If we suppose any such peculiarity to accompany life we cannot fail at once to see the impossibility of its originating in the visible universe alone.
233. Again, it is well known to many of our readers that discussions have frequently arisen regarding the
peculiar place and function of life in the universe. What is its relation to energy? it certainly does not create energy-what then does it do?
One way of replying to this question is indicated in the following passage, which we quote at length from an article on 'The Atomic Theory of Lucretius,' in the North British Review for March 1868 :
'It is a principle of mechanics that a force acting at right angles to the direction in which a body is moving does no work, although it may continually and continuously alter the direction in which the body moves. No power, no energy, is required to deflect a bullet from its path, provided the deflecting force acts always at right angles to that path.
'If you believe in free-will and in atoms, you have two courses open to you. The first alternative may be put as follows: Something which is not atoms must be allowed an existence, and must be supposed capable of acting on the atoms. The atoms may, as Democritus believed, build up a huge mechanical structure, each wheel of which drives its neighbour in one long inevitable sequence of causation; but you may assume that beyond this ever-grinding wheelwork there exists a power not subject to but partly master of the machine; you may believe that man possesses such a power, and if so, no better conception of the manner of its action could be devised than the idea of its deflecting the atoms in their onward path to the right or left of that line in which they would naturally move. The will, if it so acted, would add nothing sensible to nor take anything sensible from the energy of the universe. The modern believer in free-will will probably adopt this view, which is certainly consistent with observation, although not proved by it. Such a power of moulding circumstances, of turning the torrent to the right, where it shall fertilise, or to the left, where it shall overwhelm, but in nowise of arresting the torrent, adding nothing to it, taking nothing from it,-such is precisely the apparent action of man's will; and though we must allow that possibly the deflecting action does but result from some smaller subtler stream of circumstance, yet if we may trust to our direct per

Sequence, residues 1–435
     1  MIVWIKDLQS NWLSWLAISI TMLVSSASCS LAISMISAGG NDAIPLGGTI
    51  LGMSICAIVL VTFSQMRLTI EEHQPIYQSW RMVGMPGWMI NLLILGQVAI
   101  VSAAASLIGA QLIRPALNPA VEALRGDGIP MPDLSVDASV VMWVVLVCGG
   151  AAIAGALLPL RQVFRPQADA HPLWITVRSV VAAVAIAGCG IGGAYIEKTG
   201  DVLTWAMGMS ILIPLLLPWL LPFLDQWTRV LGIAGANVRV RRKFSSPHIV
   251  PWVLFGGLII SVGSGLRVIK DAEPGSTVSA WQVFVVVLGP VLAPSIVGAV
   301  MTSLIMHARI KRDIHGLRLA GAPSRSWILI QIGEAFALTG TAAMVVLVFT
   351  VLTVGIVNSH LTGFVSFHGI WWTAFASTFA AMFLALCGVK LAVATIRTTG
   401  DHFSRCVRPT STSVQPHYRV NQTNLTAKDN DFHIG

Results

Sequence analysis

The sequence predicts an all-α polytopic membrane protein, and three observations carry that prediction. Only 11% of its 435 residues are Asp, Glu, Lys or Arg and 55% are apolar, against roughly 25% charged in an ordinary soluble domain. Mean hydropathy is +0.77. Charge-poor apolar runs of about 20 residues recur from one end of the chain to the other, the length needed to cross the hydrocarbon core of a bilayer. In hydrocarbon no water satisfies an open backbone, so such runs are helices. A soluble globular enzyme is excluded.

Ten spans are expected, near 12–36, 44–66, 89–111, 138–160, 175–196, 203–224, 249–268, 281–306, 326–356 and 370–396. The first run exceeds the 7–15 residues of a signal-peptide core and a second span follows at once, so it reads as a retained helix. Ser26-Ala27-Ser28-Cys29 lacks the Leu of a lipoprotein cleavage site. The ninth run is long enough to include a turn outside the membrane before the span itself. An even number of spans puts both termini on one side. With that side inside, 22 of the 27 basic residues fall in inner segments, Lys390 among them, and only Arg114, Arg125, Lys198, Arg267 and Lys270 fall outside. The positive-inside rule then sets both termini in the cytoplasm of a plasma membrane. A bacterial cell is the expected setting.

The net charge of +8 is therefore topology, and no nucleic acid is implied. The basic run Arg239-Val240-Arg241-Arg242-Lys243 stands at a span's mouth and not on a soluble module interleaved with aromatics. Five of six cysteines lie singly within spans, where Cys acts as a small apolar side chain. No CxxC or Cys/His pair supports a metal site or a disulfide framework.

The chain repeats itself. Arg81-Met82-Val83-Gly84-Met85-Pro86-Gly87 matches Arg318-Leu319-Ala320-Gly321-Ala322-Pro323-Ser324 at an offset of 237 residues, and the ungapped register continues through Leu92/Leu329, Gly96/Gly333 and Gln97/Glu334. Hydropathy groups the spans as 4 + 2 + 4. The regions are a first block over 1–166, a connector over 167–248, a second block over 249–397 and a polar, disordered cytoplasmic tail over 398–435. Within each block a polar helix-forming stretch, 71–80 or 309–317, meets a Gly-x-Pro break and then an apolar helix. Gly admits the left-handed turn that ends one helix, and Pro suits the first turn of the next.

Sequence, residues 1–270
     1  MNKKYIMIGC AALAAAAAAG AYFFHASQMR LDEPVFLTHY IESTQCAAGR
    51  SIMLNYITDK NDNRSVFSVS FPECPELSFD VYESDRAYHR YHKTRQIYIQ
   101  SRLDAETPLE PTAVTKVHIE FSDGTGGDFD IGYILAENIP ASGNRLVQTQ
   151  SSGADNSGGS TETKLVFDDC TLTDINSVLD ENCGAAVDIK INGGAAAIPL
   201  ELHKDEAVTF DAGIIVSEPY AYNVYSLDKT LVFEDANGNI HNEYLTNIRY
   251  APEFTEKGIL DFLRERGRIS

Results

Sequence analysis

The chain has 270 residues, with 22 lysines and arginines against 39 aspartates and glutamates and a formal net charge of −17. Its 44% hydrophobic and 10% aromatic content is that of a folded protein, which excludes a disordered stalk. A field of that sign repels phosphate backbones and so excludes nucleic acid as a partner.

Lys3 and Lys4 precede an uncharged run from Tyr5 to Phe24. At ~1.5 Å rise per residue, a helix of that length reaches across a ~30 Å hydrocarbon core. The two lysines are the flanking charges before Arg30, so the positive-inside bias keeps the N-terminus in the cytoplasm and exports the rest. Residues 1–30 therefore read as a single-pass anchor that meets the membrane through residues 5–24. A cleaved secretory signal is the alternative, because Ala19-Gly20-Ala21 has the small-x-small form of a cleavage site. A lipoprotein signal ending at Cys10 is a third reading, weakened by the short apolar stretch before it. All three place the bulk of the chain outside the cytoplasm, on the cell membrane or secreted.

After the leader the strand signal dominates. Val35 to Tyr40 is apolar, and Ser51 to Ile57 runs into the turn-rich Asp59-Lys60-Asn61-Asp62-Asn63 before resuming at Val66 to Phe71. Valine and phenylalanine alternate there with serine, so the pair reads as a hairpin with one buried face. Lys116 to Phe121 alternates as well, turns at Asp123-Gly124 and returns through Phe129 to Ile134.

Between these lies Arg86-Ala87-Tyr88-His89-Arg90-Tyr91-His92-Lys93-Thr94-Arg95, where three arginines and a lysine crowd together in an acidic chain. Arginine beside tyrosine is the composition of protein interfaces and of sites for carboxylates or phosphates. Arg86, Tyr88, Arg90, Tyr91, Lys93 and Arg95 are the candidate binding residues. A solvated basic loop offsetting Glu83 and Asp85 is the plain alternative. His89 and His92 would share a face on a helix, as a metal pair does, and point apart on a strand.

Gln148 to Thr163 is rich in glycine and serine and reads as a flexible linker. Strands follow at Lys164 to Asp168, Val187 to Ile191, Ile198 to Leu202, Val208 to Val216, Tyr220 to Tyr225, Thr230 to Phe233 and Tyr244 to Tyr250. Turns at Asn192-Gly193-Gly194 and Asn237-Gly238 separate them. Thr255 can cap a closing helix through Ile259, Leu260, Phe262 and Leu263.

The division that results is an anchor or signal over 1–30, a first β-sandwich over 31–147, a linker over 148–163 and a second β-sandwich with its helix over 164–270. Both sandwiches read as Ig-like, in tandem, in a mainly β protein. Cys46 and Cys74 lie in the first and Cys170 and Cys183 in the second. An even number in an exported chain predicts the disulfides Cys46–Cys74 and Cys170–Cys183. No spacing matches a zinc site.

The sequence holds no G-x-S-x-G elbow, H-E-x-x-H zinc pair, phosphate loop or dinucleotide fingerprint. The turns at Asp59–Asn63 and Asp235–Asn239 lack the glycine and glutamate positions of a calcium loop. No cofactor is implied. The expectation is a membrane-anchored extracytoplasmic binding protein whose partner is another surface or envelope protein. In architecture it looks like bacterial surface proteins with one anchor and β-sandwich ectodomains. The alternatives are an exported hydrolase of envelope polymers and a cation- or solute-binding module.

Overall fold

ception of free-will, the above theory, involving a power in man beyond that of atoms, would probably be our choice. . . .
'We cannot hope that natural science will ever lend the least assistance towards answering the Free-will and Necessity question. The doctrines of the indestructibility of matter and of the conservation of energy seem at first sight to help the Necessitarians, for they might argue that if free-will acts it must add something to or take something from the physical universe, and if experiment shows that nothing of the kind occurs, away goes free-will; but this argument is worthless, for if mind or will simply deflects matter as it moves, it may produce all the consequences claimed by the Wilful school, and yet it will neither add energy nor matter to the universe.'